Dissenting report – Ms Kelly O’Dwyer MP, Mr Bruce Billson MP, Mr Scott
Buchholz MP, Mr Tony Smith MP, Liberal Party of Australia
As Opposition Members, we observe that Government members on
the Committee have recommended that that House not pass the Food Standards
Amendment (Truth in Labelling-Palm Oil) Bill 2010.
Government members are now echoing the revised position of
the Executive, following a remarkable ‘about face’ by the Government after Government
Senators allowed the passage of the amended Bill and transmission to the House.
The Government's previous constructive and collaborative
approach was abruptly ended by the 23 August declaration that the Government
would no longer support the passage of the amended Bill.
With the amended Bill not opposed by either the Government
or Opposition in the Senate, it was open to
the House to believe that the Government was inclined to facilitate progress of
The Senate inquiry report into
the original Bill and evidence before this Committee on the amended Bill
highlighted the various intergovernmental and multi-jurisdictional processes
and arrangements through which the provisions would need to be progressed for
the Bill’s enactment and enforcement.
On the basis of the position adopted by the Government in
the Senate and overtures to the Opposition about working cooperatively to
canvass possible alternative approaches to
achieving the amended Bill's objectives, Opposition Members pursued the
examination of the Bill in good faith.
Opposition Members have been keen to draw out possible and
potentially more certain avenues to efficiently and effectively deliver
information to consumers about palm oil in products they were considering
A number of constructive proposals were provided in
evidence about transitional arrangements, encouragement of voluntary
initiatives, reducing possible implementation costs, and alignment
opportunities with current labelling and consumer information requirements.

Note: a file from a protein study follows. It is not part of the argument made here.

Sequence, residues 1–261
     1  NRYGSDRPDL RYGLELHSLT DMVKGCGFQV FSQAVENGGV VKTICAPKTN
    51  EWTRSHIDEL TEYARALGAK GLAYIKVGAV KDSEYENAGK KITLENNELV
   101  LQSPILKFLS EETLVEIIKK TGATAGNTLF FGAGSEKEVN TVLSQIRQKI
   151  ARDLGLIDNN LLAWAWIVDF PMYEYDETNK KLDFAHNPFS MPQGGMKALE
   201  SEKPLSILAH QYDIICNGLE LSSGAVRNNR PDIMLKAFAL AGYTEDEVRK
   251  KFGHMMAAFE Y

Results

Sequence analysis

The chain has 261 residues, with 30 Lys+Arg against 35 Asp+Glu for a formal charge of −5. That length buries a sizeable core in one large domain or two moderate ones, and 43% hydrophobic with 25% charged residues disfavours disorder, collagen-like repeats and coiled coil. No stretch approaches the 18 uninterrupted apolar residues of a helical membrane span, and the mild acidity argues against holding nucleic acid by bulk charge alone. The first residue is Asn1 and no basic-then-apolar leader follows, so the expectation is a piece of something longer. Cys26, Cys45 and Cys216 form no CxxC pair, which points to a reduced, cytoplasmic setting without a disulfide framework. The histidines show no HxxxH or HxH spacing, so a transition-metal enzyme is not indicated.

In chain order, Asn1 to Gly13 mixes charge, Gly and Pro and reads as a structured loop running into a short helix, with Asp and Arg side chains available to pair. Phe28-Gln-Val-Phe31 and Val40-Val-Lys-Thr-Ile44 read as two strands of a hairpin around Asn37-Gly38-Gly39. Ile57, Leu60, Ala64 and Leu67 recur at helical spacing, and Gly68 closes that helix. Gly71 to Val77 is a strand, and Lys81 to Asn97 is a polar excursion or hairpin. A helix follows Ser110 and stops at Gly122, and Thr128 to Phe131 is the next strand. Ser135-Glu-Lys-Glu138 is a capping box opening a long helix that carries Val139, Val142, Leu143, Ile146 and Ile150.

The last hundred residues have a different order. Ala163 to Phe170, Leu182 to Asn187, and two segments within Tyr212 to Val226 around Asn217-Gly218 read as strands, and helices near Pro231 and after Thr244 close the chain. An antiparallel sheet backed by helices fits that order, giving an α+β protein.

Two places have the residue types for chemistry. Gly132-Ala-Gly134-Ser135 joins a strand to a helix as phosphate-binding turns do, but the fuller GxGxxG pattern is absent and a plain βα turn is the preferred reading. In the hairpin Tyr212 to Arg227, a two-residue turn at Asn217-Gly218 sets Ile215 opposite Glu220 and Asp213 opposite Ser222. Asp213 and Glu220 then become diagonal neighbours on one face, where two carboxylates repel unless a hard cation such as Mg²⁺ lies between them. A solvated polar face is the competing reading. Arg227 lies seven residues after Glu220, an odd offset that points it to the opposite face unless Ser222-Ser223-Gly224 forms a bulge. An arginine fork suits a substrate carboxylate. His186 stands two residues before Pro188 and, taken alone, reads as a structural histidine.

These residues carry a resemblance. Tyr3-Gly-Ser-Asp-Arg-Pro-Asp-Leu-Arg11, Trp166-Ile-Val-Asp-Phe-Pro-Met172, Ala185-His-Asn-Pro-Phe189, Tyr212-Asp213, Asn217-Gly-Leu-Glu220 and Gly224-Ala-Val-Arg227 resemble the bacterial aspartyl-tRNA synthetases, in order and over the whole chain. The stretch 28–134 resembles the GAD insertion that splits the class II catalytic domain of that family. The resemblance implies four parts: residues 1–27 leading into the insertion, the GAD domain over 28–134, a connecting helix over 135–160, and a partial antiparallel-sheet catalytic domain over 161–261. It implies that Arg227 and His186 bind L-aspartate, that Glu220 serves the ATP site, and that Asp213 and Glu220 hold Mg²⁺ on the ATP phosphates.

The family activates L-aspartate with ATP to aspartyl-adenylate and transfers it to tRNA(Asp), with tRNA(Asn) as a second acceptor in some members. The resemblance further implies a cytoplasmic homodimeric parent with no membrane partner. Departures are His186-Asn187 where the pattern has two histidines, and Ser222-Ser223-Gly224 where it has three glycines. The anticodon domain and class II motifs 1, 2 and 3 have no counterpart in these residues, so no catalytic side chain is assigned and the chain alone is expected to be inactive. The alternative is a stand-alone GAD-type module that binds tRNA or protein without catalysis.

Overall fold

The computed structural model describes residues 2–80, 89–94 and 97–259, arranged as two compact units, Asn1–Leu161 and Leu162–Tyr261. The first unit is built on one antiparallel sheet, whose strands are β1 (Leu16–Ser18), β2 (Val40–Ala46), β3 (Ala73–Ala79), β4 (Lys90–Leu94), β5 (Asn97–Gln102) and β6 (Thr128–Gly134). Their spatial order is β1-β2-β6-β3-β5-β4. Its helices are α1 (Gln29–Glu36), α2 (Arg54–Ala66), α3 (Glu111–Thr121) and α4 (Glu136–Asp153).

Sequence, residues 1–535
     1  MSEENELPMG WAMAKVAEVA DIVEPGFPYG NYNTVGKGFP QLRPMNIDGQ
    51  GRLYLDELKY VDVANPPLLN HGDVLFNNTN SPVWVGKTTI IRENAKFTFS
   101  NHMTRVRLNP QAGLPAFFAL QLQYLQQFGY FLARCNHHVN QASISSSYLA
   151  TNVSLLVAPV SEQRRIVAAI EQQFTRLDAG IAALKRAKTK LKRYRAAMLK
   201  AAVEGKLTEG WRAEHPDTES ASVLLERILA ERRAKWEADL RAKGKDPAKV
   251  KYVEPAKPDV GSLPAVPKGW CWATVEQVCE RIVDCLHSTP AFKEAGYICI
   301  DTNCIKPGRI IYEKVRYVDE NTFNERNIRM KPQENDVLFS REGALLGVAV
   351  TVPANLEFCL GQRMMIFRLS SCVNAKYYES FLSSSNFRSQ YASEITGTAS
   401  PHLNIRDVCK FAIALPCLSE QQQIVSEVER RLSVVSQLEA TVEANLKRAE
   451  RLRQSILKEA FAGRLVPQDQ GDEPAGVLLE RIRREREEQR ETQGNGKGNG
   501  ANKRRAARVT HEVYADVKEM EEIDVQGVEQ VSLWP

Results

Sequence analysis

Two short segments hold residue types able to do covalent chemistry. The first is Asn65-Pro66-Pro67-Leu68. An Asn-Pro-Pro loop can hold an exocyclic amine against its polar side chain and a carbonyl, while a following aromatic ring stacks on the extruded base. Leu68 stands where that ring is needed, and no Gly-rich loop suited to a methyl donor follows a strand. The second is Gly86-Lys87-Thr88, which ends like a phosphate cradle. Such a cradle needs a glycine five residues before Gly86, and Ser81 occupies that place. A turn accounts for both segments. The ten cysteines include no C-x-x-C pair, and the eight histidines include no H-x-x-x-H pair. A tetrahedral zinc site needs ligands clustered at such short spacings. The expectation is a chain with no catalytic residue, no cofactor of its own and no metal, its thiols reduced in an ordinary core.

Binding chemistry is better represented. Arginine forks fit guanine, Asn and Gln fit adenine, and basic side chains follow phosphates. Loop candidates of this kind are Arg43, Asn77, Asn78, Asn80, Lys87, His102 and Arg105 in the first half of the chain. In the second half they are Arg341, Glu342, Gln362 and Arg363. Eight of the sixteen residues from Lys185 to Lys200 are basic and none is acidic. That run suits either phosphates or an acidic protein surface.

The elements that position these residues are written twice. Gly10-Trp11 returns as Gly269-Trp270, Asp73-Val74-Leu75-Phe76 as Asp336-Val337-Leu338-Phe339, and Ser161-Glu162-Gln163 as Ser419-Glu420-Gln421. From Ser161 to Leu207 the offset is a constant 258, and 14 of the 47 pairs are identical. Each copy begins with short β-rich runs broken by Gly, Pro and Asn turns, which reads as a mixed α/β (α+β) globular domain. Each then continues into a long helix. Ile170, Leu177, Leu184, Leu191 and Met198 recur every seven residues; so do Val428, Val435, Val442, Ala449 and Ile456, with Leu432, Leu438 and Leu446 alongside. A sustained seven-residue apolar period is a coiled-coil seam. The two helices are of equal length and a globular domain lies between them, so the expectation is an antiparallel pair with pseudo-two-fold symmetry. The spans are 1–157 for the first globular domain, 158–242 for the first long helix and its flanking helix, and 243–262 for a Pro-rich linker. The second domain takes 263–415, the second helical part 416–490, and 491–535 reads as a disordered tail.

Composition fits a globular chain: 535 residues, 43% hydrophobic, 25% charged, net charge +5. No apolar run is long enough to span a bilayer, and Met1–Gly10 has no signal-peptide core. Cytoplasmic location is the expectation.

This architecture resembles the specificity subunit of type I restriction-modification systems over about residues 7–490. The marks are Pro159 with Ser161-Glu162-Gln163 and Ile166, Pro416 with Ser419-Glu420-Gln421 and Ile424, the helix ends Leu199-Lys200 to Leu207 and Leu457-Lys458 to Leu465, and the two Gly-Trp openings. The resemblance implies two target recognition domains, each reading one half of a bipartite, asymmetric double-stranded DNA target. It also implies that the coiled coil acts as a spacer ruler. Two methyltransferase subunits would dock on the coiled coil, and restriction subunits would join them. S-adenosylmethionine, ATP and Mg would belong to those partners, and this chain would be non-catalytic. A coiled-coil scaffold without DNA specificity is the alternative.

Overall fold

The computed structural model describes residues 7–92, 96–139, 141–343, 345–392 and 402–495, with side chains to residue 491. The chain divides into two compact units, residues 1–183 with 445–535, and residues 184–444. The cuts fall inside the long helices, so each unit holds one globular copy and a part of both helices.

There is little value in evaluating these proposals as possible
amendments to the Bill given the Government's revised posture.
The major shift in the Government's position to now abandon
any willingness to constructively engage in the advancement of the amended
Bill's provisions and to work to cooperatively overcome legitimate areas of
concern has undermined any prospect of its successful and effective
It is clear to Opposition Members that without Government
sponsorship and supporting advocacy by Ministers in the relevant and complex
intergovernmental fora, there is no prospect of bringing the amended Bill's provisions into operation.
The Committee has not received
any evidence that points to a clear and certain way parliament alone can
satisfy the procedural pre-conditions and Commonwealth obligations within
intergovernmental arrangements the Bill’s provisions seek to operate within.
Opposition members are particularly concerned about
trade-related considerations raised in evidence to the Committee.
While this aspect was briefly touched upon in the Senate
inquiry report, evidence presented to the Committee has highlighted Australia's
trade obligations as a legitimate area of public policy concern. Evidence to
the Committee highlights a number of trade-related risks and Sections 2.47 to
2.60 (inclusive) of the Committee’s report addresses some of these issues.
Opposition members recognise that it may well be arguable that
the Bill offends World Trade Organization rules by indirectly advancing the
interests of local vegetable oil production that may substitute for palm oil